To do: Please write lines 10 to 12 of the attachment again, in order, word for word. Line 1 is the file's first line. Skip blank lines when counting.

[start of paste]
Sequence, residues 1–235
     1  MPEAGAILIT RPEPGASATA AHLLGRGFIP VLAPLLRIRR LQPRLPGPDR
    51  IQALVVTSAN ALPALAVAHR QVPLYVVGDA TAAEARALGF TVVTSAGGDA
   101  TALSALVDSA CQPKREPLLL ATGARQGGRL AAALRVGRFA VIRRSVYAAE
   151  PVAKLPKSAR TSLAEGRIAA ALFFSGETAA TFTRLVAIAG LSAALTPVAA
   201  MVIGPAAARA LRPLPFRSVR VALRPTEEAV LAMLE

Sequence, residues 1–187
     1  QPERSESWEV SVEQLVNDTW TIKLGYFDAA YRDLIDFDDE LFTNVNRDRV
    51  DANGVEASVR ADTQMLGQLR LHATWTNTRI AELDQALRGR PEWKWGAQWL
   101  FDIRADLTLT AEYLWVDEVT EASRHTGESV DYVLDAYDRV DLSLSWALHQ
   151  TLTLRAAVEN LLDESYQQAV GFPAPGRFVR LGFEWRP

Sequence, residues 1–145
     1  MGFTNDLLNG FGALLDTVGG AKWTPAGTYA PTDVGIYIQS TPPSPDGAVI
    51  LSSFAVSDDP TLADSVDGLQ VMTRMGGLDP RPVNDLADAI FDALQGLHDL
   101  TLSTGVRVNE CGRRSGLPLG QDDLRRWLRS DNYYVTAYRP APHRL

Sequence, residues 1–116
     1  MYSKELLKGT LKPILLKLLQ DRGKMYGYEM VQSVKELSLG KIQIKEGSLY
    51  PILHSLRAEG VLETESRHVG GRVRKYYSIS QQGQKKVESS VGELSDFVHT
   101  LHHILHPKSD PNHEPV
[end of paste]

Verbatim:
   101  FDIRADLTLT AEYLWVDEVT EASRHTGESV DYVLDAYDRV DLSLSWALHQ
   151  TLTLRAAVEN LLDESYQQAV GFPAPGRFVR LGFEWRP

Sequence, residues 1–145